There's been a 'huge increase' in the number of women seeking to have their eggs frozen over the past year, according to an Irish fertility clinic.
Egg freezing sees a woman's eggs collected and preserved, so she can attempt to have children at a later point in her life.
It works on the premise that the eggs a woman produces in her 20s or early 30s are of a 'higher quality' than the eggs she produces in her late 30s.
There are many different reasons women consider such treatment - including for age-related or social reasons (such as work), or preserving fertility ahead of medical treatments such as chemotherapy.
Laura Hackett, fertility nurse specialist at Waterstone Clinic, told Newstalk Breakfast's Sarah Madden it would be 'fair to say' they've seen around a 100% increase in the numbers seeking treatment nationally in the last year.
She explained: “I’d see women come in who maybe aren’t 100% sure they’re with the right partner or they’re just single completely. What it really does is take that pressure off meeting someone… it’s so empowering.
“People aren’t getting distracted anymore. They realise what they want and they have the time and freedom now… and maybe have even got some savings.”
Here's how the process works.
A woman is given hormones to boost her follicle or egg count.
The eggs produced are then collected by fertility doctors, and are stored in a cryo-freezer.
At a later point, the eggs can be thawed and fertilised with either a partner's or a donor’s sperm when a woman wants to try and have a baby.
The age of the woman who freezes her eggs can make a major difference to the ultimate success of the treatment, although experts stress that egg freezing does not guarantee a baby in the future.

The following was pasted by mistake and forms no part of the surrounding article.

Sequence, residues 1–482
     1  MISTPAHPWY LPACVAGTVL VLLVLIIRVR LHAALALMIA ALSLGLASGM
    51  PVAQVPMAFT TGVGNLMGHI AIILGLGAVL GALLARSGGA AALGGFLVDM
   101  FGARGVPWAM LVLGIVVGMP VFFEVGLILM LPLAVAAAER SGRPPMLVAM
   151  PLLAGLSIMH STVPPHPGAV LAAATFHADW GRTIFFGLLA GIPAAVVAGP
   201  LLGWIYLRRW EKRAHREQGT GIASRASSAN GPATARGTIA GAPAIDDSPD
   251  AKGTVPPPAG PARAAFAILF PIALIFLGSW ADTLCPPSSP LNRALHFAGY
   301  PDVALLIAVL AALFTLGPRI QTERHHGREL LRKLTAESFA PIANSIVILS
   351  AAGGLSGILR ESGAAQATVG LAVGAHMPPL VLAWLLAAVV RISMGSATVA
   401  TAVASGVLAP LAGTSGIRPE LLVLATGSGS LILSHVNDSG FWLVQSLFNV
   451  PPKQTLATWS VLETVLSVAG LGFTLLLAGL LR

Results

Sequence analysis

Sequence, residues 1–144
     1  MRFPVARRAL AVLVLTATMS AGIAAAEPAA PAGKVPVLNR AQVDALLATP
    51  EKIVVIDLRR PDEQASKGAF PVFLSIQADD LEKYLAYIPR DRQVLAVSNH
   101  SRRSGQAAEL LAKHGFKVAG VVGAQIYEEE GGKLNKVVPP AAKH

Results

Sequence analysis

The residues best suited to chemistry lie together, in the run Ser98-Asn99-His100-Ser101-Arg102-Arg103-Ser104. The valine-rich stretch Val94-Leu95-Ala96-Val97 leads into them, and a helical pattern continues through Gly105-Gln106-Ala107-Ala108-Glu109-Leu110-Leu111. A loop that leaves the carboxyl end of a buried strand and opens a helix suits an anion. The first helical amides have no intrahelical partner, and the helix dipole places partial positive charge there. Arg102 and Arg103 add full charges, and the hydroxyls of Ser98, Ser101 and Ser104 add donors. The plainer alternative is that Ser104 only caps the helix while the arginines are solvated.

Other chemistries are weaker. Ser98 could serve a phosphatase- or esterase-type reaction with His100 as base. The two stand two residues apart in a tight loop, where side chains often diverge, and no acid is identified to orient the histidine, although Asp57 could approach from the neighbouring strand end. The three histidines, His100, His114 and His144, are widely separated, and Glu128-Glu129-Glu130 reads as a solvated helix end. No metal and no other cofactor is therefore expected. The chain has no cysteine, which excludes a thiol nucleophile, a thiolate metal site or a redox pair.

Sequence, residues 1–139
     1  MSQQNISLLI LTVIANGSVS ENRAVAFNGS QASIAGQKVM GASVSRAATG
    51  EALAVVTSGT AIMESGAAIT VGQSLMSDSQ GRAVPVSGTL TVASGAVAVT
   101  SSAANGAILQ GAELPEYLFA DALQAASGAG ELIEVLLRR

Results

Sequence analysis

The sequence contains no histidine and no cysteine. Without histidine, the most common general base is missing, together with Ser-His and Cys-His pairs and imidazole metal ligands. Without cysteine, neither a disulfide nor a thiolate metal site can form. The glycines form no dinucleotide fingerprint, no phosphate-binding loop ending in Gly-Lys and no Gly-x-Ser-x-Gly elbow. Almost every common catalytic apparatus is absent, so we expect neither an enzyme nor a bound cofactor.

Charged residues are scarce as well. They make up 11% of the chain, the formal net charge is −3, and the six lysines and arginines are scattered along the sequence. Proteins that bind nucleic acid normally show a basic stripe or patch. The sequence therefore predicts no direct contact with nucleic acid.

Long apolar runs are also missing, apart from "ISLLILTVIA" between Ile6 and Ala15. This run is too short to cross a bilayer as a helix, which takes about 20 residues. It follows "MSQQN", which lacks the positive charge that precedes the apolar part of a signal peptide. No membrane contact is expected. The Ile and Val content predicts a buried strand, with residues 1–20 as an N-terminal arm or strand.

Ms Hackett explained: “If you freeze your eggs under the age of 32 and have 20 eggs frozen, you’d have a 90% chance of having one live-born baby out of that.
"It’s a lot less if you’re 37 - maybe a 40% chance. As you get up to 39, it’s less than 5% - it’s not worth freezing anymore, [given] the cost of it.”
Freezing eggs is not a cheap process, and is not covered by the State.
It can cost between €3,500 and €5,500 at the Waterstone Clinic, depending on the number of cycles needed to generate the required number of eggs.
Some employers - including a number of large tech firms - offer to cover the costs of such fertility treatments for their employers.
That has led to concerns employees are being tacitly encouraged to put off having children until later in life, despite the egg-freezing process not being a guaranteed success.
However, Laura said that hasn't been her experience when women do avail of such employment perks.
She said: “The question with that is, are you being put under pressure by work to do it and therefore, is it taking it from you?
“I don’t see that - I think people think it as such a good perk.”
It's not just egg freezing that has seen an increase, with the last year having also seen a 20% increase in the number of single women choosing to use donor sperm to start their family alone.